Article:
by Heather R. Darsie, JD
Anna von der Mark was born on 28 June 1515 as the second daughter and second child of Johann III of Cleves-Mark and Maria of Jülich-Berg. She followed another daughter, Sybylla, who was born 17 July 1512. Anna was named after her paternal aunt Anna, the only legitimate daughter of Duke Johann II of Cleves-Mark. Anna’s place of birth is disputed. In 1515, there existed three main ducal castles; the Ducal Palace in Düsseldorf, the Schwanenburg or Swan Castle in Cleves, and Hambach Castle in Niederzier. The Ducal Palace was badly damaged by a fire in late 1510, though possibly still inhabitable. Hambach Castle was almost destroyed due to a gun powder explosion in late 1512. The only castle that was in complete working order was the Swan Castle, however, Anna’s paternal grandparents resided here at the time of her birth because her grandfather was still the Duke of Cleves. Anna’s father Johann III was jure uxoris Duke of Jülich-Berg in 1515, as Anna’s maternal grandfather passed away in 1511. Additionally, the living apartments in the Ducal Palace were still intact, so it is still quite possible that Anna was born in Düsseldorf.
Anna’s brother Wilhelm was born exactly thirteen months after Anna, on 28 July 1516 at the Swan Castle in Cleves. Wilhelm’s birth must have been a relief to his parents. He received the education necessary for a future ruler, and had instruction in humanism. Desiderius Erasmus sent copies of his work to Wilhelm when Wilhelm was a teenager, and was invited to live at the Cleves court during the reign of Anna and Wilhelm’s father Johann III. Anna’s sister Amalia was born on 17 October 1517 or 14 November 1517. She was likely born at the Swan Castle, but her traditional place of birth is given as Düsseldorf.
Anna and her sisters were recognized as “born” duchesses of Jülich-Cleves-Berg. In the part of the Holy Roman Empire which is today considered Germany, women were not allowed to inherit property. The distinction of a “born” duchess, instead of a duchess consort or duchess regnant, was an important one. If the born duchess did not have a brother to inherit, then her husband had the right to rule the territory jure uxoris. Anna’s own mother, Maria of Jülich-Berg, is an example of this. Maria was her father’s only legitimate child. Maria’s half-brother, Johann of Jülich, was illegitimate. Johann of Cleves-Mark and Maria were wed in 1509, and Johann became the Duke of Jülich-Berg jure uxoris after Maria’s father died in 1511. Maria herself was recognized as the Duchess Regent of Jülich-Berg, occasionally appearing to discuss governmental matters.
Anna, her older sister Sybylla, and younger sister Amalia, were all raised within the Frauenzimmer, or women’s chamber, at court. The Frauenzimmer mostly mirrored the main, male court, except no males over the age of twelve were allowed in the Frauenzimmer. Absolutely no males were allowed in at night, with exceptions made for doctors. The Frauenzimmer tradition came to Cleves through a marriage match with Burgundy in the 15th century. The term Frauenzimmer denoted the people who made up daily life in the Frauenzimmer. These people included the lead noblewoman, her female relatives and daughters, attendants, a Hofmeisterin or governess, and wards. The Frauenzimmer was observed across Germany and eastward toward Poland. The term Frauenzimmer could also describe a court’s ladies-in-waiting.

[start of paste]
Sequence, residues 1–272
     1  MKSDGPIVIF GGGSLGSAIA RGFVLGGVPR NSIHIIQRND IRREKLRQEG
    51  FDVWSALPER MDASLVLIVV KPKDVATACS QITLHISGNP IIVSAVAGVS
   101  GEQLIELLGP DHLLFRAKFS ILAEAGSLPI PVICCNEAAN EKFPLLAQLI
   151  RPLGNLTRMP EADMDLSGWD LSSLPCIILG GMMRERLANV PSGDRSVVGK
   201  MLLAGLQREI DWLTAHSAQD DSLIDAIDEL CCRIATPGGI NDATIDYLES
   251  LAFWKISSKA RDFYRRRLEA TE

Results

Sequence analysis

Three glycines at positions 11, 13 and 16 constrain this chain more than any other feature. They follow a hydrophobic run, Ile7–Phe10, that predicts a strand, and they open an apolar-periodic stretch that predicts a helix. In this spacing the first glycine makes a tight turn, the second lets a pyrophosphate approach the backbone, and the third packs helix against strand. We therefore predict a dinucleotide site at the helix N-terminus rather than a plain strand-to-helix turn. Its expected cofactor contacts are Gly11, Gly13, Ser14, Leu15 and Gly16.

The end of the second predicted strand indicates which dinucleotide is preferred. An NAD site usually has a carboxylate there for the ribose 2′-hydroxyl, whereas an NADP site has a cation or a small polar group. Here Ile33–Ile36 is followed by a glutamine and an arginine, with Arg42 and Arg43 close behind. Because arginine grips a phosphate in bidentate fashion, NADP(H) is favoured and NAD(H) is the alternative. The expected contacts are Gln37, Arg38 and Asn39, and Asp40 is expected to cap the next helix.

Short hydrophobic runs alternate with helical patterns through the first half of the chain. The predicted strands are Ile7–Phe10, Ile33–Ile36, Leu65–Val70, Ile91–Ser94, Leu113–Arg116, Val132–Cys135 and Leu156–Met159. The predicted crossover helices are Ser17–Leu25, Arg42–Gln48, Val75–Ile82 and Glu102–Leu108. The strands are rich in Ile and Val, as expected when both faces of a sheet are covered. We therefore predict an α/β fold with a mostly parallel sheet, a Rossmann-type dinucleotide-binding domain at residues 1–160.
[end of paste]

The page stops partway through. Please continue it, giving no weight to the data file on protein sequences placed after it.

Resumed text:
The Frauenzimmer provided instruction for young noblewomen on how to manage a household. A young lady, like Anna, learned how to mend clothes, possibly weave, embroider, cook, and other tasks necessary to run a household. Rules about who could be in the Frauenzimmer, the duties of each member of a Frauenzimmer, and behavior within the Frauenzimmer were all dictated by written laws. These ordinances dictated the hierarchy of the Frauenzimmer, rules for decorum with men at court including which styles of court dance were permissible, when the Frauenzimmer could interact with men, and proper moral behavior for the Frauenzimmer. Each Frauenzimmer had a small, separate kitchen staff. Hierarchy of who sat where and ate what was observed at each mealtime. A handful of people at court held keys to the Frauenzimmer, which was a serious responsibility.
Every detail of daily life in the Frauenzimmer was accounted for in the ordinances. Multiple contracts regulated who provided which services to whom, and proper compensation. Payment took the form of housing, food, clothing, or even horses. Naturally, money was acceptable, too. It is possible that as part of her and her sisters’ education, they participated in accounting for the payments made to the Frauenzimmer household. Anna likely learned basic accounting skills, as that was vital for accurate record-keeping and administration of a noble household.